Hasman, E., Kleiner, V., Biener, G. & Niv, A. Polarization dependent focusing lens by use of quantized Phancharatnam–Berry phase diffractive optics. Appl. Phys. Lett. 82, 328 (2003).

    ADS  Google Scholar 

  116. 116.

    Mansuripur, M., Zakharian, A. R. & Wright, E. M. Spin and orbital angular momenta of light refrected from a cone. Phys. Rev. A 81, 033813 (2011).

    ADS  Google Scholar 

  117. 117.

    Bouchard, F., Mand, H., Mirhosseini, M., Karimi, E. & Boyd, R. W. Achromatic orbital angular momentum generator. New J. Phys. 16, 123006 (2014).

    ADS  Google Scholar 

  118. 118.

    Radwell, N., Hawley, R. D., Gotte, J. B. & Franke-Arnold, S. Achromatic vector vortex beams from a glass cone. Nat. Commun. 7, 10564 (2016).

    ADS  Google Scholar 

  119. 119.

    Devlin, R. C., Ambrosio, A., Rubin, N. A., Mueller, J. P. B. & Capasso, F. Arbitrary spin-to-orbital angular momentum conversion of light. Science 358, 896–901 (2017).

    ADS  MathSciNet  MATH  Google Scholar 

  120. 120.

    Padgett, M. J. & Courtial, J. Poincaré-sphere equivalent for light beams containing orbital angular momentum. Opt. Lett. 24, 430–432 (1999).

    ADS  Google Scholar 

  121. 121.

    Galvez, E. J. et al. Geometric phase associated with mode transformations of optical beams bearing orbital angular momentum. Phys. Rev. Lett. 90, 203901 (2003).

    ADS  Google Scholar 

  122. 122.

    Calvo, G. F. Wigner representation and geometric transformations of optical orbital angular momentum spatial modes. Opt. Lett. 30, 1207–1209 (2005).

    ADS  Google Scholar 

  123. 123.

    Karimi, E., Slussarenko, S., Piccirillo, B., Marrucci, L. & Santamato, E. Polarization-controlled evolution of light transverse modes and associated Pancharatnam geometric phase in orbital angular momentum. Phys. Rev. A 81, 053813 (2010).

    ADS  Google Scholar 

  124. 124.

    Milione, G., Sztul, H. I., Nolan, D. A. & Alfano, R. R. Higher-order Poincaré sphere, Stokes parameters, and the angular momentum of light. Phys. Rev. Lett. 107, 053601 (2011).

    ADS  Google Scholar 

  125. 125.

    Malhotra, T. et al. Measuring geometric phase without interferometry. Phys. Rev. Lett. 120, 233602 (2018).

    ADS  Google Scholar 

  126. 126.

    Yao, A. M. & Padgett, M. J. Orbital angular momentum: origins, behavior and applications. Adv. Opt. Photonics 3, 161–204 (2011).

    ADS  Google Scholar 

  127. 127.

    Allen, L., Beijersbergen, M. W., Spreeuw, R. J. C. & Woerdman, J. P. Orbital angular momentum of light and the transformation of Laguerre-Gaussian laser modes. Phys. Rev. A 45, 8185 (1992).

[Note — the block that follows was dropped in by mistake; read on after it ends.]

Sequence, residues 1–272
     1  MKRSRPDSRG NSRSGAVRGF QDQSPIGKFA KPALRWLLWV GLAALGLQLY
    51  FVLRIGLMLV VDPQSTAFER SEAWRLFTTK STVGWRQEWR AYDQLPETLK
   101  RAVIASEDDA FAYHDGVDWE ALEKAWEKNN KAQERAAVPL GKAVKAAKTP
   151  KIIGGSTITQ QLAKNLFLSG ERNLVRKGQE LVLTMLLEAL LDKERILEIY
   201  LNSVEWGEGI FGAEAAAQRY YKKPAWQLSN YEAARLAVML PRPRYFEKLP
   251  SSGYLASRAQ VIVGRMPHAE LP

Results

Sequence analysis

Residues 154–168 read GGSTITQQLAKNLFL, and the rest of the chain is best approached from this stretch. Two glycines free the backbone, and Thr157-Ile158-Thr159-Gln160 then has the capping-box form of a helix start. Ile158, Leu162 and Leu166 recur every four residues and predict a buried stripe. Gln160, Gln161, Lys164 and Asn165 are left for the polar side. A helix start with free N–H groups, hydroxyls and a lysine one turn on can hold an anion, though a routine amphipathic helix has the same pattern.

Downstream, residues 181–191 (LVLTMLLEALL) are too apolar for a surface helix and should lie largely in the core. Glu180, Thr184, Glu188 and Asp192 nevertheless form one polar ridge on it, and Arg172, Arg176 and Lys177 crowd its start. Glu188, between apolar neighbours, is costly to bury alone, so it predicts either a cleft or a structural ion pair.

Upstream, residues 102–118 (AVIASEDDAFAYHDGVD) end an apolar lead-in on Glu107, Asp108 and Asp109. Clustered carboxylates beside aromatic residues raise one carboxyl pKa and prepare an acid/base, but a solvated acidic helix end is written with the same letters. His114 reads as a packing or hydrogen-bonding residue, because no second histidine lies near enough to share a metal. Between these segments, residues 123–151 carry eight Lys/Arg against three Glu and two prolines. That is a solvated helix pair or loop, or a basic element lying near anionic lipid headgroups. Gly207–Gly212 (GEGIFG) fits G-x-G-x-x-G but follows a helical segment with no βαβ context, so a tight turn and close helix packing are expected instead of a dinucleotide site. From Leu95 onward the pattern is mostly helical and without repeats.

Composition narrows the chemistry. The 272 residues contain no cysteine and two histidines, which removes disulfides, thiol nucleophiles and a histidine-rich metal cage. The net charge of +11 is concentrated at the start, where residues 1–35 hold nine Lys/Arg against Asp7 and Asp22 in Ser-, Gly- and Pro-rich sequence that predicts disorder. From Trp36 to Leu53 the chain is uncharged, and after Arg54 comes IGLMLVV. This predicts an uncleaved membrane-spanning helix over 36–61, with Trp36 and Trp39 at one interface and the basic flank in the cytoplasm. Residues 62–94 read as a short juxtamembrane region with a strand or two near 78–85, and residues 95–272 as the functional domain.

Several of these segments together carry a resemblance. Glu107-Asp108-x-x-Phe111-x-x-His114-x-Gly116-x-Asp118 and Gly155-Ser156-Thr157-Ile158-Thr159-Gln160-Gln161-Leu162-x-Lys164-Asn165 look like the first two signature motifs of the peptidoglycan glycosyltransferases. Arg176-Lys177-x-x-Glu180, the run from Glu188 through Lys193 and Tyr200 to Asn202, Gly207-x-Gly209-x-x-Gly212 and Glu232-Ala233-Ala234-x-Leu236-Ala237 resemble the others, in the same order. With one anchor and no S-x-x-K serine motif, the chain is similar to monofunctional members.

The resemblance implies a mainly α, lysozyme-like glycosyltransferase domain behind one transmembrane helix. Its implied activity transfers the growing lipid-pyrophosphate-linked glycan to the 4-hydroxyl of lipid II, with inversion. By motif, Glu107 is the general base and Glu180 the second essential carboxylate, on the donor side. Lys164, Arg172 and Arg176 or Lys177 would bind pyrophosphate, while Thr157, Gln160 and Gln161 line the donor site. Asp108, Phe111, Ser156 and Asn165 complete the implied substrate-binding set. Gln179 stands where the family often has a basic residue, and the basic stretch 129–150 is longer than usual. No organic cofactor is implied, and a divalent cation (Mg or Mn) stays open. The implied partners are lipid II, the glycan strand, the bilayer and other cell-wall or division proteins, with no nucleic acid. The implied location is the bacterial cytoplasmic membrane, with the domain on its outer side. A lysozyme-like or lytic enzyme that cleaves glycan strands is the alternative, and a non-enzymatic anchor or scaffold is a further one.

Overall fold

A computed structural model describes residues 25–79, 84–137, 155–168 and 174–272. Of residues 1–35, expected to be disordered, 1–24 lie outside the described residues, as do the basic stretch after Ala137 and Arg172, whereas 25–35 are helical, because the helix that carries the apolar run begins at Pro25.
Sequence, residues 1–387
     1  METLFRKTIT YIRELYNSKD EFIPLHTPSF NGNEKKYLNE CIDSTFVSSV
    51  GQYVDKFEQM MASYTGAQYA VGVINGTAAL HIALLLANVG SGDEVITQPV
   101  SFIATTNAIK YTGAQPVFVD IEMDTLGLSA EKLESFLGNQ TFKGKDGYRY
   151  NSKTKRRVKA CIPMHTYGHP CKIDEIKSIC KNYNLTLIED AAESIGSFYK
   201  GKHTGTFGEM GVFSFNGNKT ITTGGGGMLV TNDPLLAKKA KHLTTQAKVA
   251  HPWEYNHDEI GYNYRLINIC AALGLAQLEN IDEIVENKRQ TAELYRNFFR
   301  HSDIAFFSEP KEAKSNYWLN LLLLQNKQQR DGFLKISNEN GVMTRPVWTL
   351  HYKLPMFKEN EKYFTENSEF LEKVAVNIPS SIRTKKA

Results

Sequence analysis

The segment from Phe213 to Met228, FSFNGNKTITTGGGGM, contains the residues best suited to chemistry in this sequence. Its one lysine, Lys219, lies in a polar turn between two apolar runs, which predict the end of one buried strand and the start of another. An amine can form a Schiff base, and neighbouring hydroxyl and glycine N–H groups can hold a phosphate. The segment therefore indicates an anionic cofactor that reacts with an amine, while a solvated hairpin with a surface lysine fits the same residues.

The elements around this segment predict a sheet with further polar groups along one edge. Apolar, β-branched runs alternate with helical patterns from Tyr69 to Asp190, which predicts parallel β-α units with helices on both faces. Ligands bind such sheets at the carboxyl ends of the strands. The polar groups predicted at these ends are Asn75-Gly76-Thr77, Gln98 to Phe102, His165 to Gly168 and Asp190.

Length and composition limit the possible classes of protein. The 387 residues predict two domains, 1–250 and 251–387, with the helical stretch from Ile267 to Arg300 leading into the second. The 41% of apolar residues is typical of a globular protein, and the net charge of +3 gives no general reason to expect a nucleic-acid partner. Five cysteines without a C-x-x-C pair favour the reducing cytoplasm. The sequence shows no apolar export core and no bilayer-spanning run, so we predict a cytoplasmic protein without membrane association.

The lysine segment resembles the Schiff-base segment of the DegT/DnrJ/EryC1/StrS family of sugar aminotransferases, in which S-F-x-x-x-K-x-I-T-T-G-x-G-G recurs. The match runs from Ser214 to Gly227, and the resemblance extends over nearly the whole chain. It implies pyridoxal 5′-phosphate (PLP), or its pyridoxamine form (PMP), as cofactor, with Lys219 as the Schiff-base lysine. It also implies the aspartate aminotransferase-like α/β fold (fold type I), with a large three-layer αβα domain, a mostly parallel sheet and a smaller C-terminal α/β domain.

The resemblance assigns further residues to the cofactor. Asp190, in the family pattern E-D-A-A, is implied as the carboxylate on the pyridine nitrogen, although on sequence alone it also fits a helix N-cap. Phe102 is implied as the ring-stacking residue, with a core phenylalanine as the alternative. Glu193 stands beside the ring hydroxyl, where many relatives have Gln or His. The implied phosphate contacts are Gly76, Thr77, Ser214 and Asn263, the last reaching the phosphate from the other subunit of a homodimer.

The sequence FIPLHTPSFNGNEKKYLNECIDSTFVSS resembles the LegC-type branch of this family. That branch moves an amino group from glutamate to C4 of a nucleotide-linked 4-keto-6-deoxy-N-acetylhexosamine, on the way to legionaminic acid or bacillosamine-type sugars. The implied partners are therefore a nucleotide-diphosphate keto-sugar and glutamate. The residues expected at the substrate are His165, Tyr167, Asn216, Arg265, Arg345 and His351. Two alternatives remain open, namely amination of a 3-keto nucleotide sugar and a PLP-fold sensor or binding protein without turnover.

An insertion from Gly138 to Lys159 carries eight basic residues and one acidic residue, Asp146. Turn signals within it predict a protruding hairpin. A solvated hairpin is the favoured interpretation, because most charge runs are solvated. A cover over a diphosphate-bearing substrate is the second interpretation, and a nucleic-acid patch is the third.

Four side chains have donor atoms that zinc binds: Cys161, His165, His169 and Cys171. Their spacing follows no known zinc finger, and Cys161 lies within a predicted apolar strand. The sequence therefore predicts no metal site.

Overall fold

ADS  Google Scholar 

  128. 128.

    Beijersbergen, M. W., Coerwinkel, R. P. C., Kristensen, M. & Woerdman, J. P. Helical-wavefront laser beams produced with a spiral phaseplate. Opt. Commun. 112, 321–327 (1994).

    ADS  Google Scholar 

  129. 129.

    Heckenberg, N. R., McDuff, R., Smith, C. P., Rubinsztein-Dunlop, H. & Wegener, M. J. Laser beams with phase singularities. Opt. Quantum Electron. 24, S951–S962 (1992).

    Google Scholar 

  130. 130.

    Bazhenov, V. Yu, Soskin, M. S. & Vasnetsov, M. V. Screw dislocations in light wavefronts. J. Mod. Opt. 39, 985–990 (1992).

    ADS  Google Scholar 

  131. 131.

    Marrucci, L., Manzo, C. & Paparo, D. Optical spin-to-orbital angular momentum conversion in inhomogeneous anisotropic media. Phys. Rev. Lett. 96, 163905 (2006).

    ADS  Google Scholar 

  132. 132.

    Liberman, V. S. & Zeldovich, B. Y. Spin-orbit interaction of a photon in an inhomogeneous medium. Phys. Rev. A 46, 5199–5520 (1992).

    ADS  Google Scholar 

  133. 133.

    Bliokh, K. Y. et al. Spin-orbit interactions of light. Nat. Photonics 9, 796–808 (2015).

    ADS  Google Scholar 

  134. 134.

    Brasselet, E., Murazawa, N., Misawa, H. & Juodkazis, S. Optical vortices from liquid crystal droplets. Phys. Rev. Lett. 103, 103903 (2009).

    ADS  Google Scholar 

  135. 135.

    Larocque, H. et al. Arbitrary optical wavefront shaping via spin-to-orbit coupling. J. Opt. 18, 124002 (2016).

    ADS  Google Scholar 

  136. 136.

    Quabis, S., Dorn, R. & Leuchs, G. Generation of a radially polarized doughnut mode of high quality. Appl. Phys. B 81, 597–600 (2005).

    ADS  Google Scholar 

  137. 137.

    Cardano, F. et al. Polarization pattern of vector vortex beams generated by q-plates with different topological charges. Appl. Opt. 51, C1–C6 (2012).

    Google Scholar 

  138. 138.

    Beresna, M., Gecevicius, M., Kazansky, P. G. & Gertus, T. Radially polarized optical vortex converter created by femtosecond laser nanostructuring of glass. Appl. Phys. Lett. 98, 201101 (2011).

    ADS  Google Scholar 

  139. 139.

    Cardano, F., Karimi, E., Marrucci, L., de Lisio, C. & Santamato, E. Generation and dynamics of optical beams with polarization singularities. Opt. Express 21, 8815–8820 (2013).

    ADS  Google Scholar 

  140. 140.

    Bauer, T. et al. Observation of optical polarization Möbius strips. Science 347, 964–966 (2015).

    ADS  Google Scholar 

  141. 141.

    Karimi, E. et al. Generating optical orbital angular momentum at visible wavelengths using a plasmonic metasurface. Light Sci. Appl. 3, e167 (2014).

    MathSciNet  Google Scholar 

  142. 142.

    Bouchard, F. et al. Optical spin-to-orbital angular momentum conversion in ultra-thin metasurfaces with arbitrary topological charges. Appl. Phys. Lett. 105, 101905 (2014).

    ADS  Google Scholar 

  143. 143.

    Bliokh, K. Y., Niv, A., Kleiner, V. & Hasman, E. Geometrodynamics of spinning light. Nat. Photonics 2, 748–753 (2008).

    ADS  Google Scholar 

  144. 144.